This is one in a series of posts on the Sony a7RIII. You should be able to find all the posts about that camera in the Category List on the right sidebar, below the Articles widget. There’s a drop-down menu there that you can use to get to all the posts in this series; just look for “a7RIII”. This post is equally about the Nikon D850. You can get to the other posts about that camera in the same way; just look for “D850”.
I’ve now analyzed the way that noise varies with exposure and ISO setting in the D850 and the a7RIII, and found the two cameras to behave remarkably similarly. In this post, I’ll quantify those similarities.
Here’s the improvement in SNR that is created by turning up the ISO as opposed to leaving it at base ISO, with the horizontal axis normalized to the base ISO of each camera. For those of you who haven’t read the quantitative posts about the a7RIII and the D850, each point on the curves below represent the improvement in the signal-to-noise ratio that would result from advancing the ISO knob from base ISO instead of just leaving it as base ISO and pushing in postproduction. The SNR improvement has been converted to stops, which is something with which most photographers are comfortable. I’ve done plots for 5 different places on the camera’s tone curve. Here they are from the lightest to the darkest.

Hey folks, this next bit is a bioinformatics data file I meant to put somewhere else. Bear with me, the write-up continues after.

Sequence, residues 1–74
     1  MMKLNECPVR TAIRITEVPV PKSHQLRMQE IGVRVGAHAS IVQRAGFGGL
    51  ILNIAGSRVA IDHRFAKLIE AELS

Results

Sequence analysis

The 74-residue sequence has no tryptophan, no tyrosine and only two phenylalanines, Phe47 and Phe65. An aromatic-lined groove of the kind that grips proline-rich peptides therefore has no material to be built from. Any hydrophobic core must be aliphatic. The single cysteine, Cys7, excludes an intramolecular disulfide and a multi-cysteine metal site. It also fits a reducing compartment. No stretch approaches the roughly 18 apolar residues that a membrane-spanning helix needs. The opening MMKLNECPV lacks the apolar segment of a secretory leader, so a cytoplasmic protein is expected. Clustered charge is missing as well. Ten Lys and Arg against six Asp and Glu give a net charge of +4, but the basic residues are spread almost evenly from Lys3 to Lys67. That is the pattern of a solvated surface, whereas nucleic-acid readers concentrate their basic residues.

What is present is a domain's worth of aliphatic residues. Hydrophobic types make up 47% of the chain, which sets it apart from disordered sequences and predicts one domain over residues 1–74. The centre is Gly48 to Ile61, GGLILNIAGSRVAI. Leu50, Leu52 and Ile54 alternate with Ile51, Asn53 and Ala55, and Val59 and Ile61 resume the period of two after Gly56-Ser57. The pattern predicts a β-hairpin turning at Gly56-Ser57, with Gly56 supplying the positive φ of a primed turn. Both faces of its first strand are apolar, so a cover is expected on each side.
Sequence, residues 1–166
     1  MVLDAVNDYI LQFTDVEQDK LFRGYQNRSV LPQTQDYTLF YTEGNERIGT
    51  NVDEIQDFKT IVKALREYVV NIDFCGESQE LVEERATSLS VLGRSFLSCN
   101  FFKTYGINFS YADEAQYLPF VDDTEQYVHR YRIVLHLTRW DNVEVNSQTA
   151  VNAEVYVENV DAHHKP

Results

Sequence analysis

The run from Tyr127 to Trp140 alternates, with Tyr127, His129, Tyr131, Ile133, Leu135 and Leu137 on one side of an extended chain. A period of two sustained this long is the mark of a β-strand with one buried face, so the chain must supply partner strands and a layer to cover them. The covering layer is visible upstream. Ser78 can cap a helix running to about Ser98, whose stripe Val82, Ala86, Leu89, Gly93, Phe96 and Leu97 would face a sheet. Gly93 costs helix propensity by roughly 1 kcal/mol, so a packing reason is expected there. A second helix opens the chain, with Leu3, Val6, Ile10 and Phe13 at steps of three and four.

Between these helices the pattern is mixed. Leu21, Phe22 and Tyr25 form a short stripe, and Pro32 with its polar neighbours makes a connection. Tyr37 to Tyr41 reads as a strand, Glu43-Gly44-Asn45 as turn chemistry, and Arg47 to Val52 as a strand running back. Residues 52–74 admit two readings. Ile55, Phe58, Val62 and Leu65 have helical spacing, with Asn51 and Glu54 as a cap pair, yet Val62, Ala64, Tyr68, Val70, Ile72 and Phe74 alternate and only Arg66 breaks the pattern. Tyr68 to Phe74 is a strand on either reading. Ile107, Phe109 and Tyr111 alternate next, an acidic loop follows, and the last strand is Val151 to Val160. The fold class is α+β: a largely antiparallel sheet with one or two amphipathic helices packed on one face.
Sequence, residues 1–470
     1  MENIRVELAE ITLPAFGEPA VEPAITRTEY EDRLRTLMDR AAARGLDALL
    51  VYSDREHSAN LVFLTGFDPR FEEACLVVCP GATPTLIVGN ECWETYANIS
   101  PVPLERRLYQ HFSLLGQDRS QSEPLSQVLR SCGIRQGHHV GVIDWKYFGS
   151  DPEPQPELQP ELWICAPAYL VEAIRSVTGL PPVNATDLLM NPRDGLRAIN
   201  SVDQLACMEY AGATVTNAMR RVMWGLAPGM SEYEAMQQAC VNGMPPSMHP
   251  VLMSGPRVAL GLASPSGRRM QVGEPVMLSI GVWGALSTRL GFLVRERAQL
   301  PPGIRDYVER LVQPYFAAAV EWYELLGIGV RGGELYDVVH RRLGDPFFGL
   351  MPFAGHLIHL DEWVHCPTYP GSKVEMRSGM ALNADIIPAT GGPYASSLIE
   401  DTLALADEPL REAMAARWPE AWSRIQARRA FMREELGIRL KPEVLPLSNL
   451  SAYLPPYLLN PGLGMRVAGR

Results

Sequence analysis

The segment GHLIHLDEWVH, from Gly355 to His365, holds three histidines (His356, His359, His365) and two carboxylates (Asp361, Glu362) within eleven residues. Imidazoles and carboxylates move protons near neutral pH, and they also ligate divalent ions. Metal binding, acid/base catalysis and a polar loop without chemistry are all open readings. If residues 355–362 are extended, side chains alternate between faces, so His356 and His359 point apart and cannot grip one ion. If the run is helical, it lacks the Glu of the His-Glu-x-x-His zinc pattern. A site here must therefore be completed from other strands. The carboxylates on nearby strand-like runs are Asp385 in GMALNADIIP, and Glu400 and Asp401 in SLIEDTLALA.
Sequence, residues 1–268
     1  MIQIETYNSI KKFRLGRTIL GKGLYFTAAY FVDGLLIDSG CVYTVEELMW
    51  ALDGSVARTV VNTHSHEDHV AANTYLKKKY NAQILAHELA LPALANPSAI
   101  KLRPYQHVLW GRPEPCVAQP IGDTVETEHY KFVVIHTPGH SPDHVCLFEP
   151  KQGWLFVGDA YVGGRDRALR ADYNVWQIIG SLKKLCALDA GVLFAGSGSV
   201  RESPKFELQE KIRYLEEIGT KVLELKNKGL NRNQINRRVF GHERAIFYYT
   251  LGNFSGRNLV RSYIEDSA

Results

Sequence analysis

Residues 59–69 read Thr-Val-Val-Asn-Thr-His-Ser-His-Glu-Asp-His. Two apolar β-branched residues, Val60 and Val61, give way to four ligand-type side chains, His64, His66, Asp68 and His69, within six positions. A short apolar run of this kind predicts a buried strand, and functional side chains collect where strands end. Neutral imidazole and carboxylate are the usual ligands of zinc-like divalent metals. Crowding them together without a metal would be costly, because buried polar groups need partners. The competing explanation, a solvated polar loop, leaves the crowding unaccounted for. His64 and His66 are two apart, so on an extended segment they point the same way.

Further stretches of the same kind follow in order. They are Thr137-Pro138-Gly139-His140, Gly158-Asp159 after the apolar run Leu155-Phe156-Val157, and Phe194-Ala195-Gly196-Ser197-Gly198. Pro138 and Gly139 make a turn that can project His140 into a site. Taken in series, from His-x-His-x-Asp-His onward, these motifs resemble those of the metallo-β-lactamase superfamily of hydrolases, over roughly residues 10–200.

The conversion gain change that takes place in both cameras as the ISO knob is turned from 2 1/3 stops above base ISO to 2 2/3 stops above base ISO is mainly what’s keeping the cameras from being ISOless. What if we plot the SNR improvement in the same way, but reset the standard for pushing in postproduction to the ISO 2 2/3 stops above base ISO for that ISO setting and all those above it?
Now you can see that the a7RIII is just a hair more ISOless than the D850, but not to the degree that would warrant a different exposure strategy.
The numbers show the same thing as our visual tests. Once we’ve accounted for the different base ISOs, these two cameras are similarly ISO-insensitive, and where the behavior departs from ISOless, it does so in the same way.